O.M.G.: What are you waiting for? Go out and buy this book now! Superb: It's wonderful, but you can wait for a coupon. Give it a try: It's good, but I would wait for paperback. Meh: It will be in the library eventually. Naahhhhhhhhh!!!: Do I really need to explain?
Last week, I came across a group of pre-teen boys at a local deli. They were begging the owner for some free soda. Pleading for soda!! They said they were broke and would pay the owner back later. I thought to myself, "It will be 10 years before they truly know what the word BROKE means." If they had to, would they know how to survive on their own? What do they know about the world? Which leads me to my latest review, Nickel Plated by Aric Davis.
The title character, Nickel, is a very resourceful 12-year-old boy. We don't even know his real name. Nickel is an acronym he picked up after his turbulent time in foster care, which included sexual abuse. Nickel once had a foster father he could look up to, but his death was the end of anything good in his life. Leaving foster care and adult supervision behind, Nickel finds ways to survive. Years of abuse have left Nickel with a thick skin, making his actions seem more like that of an adult.
He blackmails would-be pedophiles, sells marijuana and offers his services as a private investigator. He develops the financial freedom that even some adults don't have. Nickel even manages to rent a house. He has allies in a local gym owner and several other adults who ignore Nickel's lack of parental supervision. This is where I have slight problem. How long could a child really do this without raising eyebrows? How many 12-year-olds would have the ingenuity to trap pedophiles on the internet and then scam them out of money? Of course this 12-year-old is a special one.
However, Nickel does have a soft spot for fellow children. Nickel is instantly smitten by Arrow, a local high school girl. Her sister is missing and feared dead. Arrow seeks Nickel's help, fearing the police won't find her sister. It is Nickel's interactions with Arrow that remind me he truly was a child. He wishes he was her boyfriend, even going so far as to imagine a future together. I'm sure most pre-teen boys have fantasies like this. Arrow's beauty manages to crack Nickel's hardened shell.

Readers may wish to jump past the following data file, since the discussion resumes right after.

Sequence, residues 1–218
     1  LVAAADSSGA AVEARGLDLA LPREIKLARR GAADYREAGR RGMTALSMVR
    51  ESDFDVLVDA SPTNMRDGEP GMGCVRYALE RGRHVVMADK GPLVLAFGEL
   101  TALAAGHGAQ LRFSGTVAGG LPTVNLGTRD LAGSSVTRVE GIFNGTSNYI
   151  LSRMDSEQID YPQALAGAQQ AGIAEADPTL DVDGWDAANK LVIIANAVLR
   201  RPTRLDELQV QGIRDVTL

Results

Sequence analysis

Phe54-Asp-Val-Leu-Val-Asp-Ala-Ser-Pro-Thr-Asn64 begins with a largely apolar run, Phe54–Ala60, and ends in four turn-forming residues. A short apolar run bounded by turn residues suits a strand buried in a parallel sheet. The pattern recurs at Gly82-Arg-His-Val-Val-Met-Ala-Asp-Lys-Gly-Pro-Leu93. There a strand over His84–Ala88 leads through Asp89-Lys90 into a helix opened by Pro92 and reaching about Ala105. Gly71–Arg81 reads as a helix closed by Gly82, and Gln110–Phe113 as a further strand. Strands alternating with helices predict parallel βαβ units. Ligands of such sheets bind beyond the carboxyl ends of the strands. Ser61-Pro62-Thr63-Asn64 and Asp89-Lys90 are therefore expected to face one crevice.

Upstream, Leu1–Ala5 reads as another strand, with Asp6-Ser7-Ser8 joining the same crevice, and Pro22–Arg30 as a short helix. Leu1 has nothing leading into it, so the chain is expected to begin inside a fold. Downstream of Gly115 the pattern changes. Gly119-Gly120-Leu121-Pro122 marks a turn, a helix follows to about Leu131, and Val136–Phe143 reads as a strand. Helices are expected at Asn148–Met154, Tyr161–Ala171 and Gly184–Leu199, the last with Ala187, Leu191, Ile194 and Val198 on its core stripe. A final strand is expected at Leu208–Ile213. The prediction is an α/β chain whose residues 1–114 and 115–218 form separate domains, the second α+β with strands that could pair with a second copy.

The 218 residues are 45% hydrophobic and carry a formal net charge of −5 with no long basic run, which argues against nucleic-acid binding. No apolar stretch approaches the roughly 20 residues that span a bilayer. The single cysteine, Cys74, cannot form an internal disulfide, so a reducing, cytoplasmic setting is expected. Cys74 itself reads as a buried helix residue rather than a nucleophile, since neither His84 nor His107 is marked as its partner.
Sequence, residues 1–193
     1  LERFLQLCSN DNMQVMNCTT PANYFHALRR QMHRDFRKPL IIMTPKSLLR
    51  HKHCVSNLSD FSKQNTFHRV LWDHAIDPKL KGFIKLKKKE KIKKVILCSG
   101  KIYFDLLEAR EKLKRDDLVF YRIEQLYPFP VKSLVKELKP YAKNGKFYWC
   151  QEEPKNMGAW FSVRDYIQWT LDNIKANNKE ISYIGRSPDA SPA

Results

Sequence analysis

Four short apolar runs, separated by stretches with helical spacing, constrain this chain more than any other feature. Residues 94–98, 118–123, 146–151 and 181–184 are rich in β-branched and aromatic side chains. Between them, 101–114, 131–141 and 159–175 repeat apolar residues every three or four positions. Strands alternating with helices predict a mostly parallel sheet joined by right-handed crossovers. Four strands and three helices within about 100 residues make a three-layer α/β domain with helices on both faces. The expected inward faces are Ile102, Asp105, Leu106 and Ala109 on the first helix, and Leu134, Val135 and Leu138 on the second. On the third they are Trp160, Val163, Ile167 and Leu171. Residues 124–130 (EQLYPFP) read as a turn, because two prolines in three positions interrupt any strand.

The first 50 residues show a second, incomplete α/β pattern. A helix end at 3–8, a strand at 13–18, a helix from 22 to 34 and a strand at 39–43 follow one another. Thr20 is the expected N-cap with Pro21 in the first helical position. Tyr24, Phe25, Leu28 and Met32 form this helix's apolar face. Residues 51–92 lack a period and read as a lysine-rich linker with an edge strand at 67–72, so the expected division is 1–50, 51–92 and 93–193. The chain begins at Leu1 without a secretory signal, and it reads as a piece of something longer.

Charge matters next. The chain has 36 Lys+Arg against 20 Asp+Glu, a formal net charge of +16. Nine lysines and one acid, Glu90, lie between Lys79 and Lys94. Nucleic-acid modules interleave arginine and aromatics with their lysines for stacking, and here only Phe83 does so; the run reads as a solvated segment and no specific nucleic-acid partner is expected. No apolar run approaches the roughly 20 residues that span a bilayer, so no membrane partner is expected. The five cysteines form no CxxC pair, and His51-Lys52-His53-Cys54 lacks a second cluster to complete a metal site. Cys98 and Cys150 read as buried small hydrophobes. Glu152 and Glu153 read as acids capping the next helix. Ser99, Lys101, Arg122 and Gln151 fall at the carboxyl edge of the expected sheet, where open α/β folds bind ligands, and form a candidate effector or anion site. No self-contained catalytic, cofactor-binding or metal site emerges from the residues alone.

The conclusion is filled with violence, including dodging bullets. While there are moments in the book that are a stretch of the imagination, Nickel is definitely an interesting character. He experiences moments of fear, but doesn't show it. He is more resourceful than most adults. The end will leave you hopeful for his future. I wonder what's in his future?
I love, love to read. I accept literary fiction, chick lit, memoirs, mysteries, historical fiction and contemporary YA books for review. If you think your book is for me, I will make an exception for other genres. At this time, I am accepting a limited amount of e-books. If I can't get into your book after 60-70 pages, I will not review it. Books are read in the order they are received. Reviews will be posted within 6-8 weeks upon receiving the book. Reviews of books not yet published will be posted closer to the publication date. You can contact me at firstname.lastname@example.org
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